Jessica Polos , University of Wisconsin-Madison
Increasing longevity and reduced fertility have led to extended kin networks with more living vertical ties (e.g. grandparents) and fewer living horizontal ties (e.g. siblings) than in the past. Yet how kinship networks change over time and link to mortality patterns has been dramatically understudied in high-income countries. In this paper, I use a novel genealogical data set containing 2 million individuals to trace changes in kinship network sizes and kin relation types (i.e. great-grandparents and cousins) and their influence on infant mortality across the U.S. demographic transition from 1750-1950. I describe kin relations alive in the year of birth for 10-year cohorts as the demographic transition unfolds. Then, I extend the literature linking kin support to infant mortality by examining the influence of more extended vertical ties (i.e. aunts, uncles, great-grandparents) as well as nuclear and extended horizontal ties (i.e. siblings and cousins) on infant mortality over time.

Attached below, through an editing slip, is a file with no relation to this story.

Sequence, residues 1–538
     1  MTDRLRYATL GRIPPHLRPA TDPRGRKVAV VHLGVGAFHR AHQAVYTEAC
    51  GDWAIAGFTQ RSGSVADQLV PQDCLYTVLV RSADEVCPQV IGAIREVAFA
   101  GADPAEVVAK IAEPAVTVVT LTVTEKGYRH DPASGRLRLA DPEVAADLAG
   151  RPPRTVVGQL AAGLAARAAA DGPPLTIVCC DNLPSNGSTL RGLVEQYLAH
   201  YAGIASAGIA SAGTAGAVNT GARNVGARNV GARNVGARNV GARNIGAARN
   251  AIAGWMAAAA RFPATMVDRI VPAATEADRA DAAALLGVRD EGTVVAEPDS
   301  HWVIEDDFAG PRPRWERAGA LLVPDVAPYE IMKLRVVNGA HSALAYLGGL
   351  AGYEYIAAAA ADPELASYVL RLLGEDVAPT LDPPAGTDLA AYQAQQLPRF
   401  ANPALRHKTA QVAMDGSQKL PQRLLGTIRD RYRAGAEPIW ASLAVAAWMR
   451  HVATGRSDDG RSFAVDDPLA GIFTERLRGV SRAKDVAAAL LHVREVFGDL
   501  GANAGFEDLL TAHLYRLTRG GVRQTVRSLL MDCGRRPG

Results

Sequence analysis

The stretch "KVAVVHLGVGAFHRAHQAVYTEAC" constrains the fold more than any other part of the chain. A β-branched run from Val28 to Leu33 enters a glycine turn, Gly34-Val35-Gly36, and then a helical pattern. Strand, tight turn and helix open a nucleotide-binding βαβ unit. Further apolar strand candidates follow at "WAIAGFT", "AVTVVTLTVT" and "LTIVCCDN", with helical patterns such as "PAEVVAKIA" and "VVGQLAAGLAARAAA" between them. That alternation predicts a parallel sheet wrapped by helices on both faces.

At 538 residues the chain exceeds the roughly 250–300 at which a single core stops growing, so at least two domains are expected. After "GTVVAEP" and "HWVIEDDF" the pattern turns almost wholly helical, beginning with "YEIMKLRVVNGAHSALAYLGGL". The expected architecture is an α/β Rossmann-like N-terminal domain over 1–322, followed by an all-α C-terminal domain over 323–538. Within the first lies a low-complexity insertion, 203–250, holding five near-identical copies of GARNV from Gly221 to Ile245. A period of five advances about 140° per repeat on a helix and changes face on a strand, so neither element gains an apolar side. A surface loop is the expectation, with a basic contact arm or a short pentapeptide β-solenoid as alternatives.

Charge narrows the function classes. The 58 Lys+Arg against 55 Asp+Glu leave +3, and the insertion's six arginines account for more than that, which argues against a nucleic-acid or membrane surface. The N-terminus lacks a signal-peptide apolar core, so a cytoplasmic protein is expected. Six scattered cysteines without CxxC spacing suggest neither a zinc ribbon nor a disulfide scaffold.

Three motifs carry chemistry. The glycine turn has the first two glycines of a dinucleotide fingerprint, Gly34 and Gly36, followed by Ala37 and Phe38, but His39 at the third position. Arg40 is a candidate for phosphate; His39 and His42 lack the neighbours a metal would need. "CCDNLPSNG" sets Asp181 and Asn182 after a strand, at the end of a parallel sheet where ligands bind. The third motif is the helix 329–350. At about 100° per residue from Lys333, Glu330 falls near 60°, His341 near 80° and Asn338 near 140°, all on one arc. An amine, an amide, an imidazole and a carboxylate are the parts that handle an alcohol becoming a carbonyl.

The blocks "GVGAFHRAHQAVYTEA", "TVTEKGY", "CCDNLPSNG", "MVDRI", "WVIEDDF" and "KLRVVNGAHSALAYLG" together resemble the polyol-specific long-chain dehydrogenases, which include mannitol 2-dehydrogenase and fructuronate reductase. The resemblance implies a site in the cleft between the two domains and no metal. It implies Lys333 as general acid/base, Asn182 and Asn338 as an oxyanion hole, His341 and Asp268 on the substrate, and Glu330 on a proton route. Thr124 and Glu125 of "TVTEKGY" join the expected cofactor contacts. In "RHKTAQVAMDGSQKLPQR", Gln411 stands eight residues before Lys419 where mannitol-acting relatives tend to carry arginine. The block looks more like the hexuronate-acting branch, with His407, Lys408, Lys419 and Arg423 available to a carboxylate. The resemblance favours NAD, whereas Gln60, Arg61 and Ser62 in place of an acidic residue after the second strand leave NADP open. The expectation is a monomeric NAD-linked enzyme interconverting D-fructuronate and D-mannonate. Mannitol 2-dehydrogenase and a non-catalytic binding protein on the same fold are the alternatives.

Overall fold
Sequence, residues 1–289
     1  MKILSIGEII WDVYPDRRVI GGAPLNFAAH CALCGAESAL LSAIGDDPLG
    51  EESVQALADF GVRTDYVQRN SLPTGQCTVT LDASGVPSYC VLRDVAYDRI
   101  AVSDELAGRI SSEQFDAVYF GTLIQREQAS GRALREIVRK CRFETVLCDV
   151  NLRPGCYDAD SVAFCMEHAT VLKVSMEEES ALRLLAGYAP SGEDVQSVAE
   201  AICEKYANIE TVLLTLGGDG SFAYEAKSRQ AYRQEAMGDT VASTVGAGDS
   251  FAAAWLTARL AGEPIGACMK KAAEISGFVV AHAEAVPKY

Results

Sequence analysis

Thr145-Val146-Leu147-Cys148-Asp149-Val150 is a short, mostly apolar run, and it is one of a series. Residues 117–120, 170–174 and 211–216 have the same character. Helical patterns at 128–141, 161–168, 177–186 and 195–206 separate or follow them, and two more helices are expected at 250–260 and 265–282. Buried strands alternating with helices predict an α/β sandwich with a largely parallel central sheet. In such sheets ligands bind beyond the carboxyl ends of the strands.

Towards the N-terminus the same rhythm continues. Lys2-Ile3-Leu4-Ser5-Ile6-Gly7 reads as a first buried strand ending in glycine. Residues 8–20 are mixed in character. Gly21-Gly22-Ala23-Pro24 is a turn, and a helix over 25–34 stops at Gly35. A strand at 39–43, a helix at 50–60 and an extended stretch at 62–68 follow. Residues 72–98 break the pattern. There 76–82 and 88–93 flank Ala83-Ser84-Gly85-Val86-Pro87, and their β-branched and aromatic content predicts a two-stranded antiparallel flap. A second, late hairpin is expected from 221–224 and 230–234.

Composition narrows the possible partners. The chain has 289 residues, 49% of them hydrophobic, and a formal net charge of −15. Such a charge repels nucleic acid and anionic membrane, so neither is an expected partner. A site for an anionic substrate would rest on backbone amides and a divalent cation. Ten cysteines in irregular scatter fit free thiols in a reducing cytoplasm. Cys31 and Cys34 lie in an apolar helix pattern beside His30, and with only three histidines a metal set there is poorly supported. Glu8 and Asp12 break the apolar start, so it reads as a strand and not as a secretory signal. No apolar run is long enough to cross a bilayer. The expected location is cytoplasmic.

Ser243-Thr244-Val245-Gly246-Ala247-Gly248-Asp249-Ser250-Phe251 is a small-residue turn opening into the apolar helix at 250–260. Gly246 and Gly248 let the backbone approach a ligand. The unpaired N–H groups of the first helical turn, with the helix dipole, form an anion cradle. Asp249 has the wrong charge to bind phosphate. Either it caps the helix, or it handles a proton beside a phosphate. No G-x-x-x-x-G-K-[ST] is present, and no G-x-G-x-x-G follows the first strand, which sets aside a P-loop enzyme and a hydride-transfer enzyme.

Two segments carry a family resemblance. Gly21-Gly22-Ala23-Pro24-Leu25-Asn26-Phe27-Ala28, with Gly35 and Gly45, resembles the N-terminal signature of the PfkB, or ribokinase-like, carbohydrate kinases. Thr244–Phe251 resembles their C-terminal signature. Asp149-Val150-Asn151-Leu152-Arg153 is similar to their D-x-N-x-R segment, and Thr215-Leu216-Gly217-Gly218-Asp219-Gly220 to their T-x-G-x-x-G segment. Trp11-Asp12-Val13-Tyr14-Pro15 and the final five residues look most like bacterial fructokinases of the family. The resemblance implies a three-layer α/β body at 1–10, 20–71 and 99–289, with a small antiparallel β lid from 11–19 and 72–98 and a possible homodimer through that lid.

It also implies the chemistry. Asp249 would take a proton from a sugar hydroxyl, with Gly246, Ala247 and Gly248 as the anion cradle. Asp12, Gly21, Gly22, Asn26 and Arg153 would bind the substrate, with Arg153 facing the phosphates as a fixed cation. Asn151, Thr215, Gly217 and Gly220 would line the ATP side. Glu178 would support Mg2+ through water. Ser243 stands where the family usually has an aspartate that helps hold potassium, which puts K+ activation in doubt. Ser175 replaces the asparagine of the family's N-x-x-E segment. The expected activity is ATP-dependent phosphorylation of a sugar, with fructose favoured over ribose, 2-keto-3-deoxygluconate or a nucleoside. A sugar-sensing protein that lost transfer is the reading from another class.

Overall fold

Presented in Session 38. Intergenerational Processes in Population Health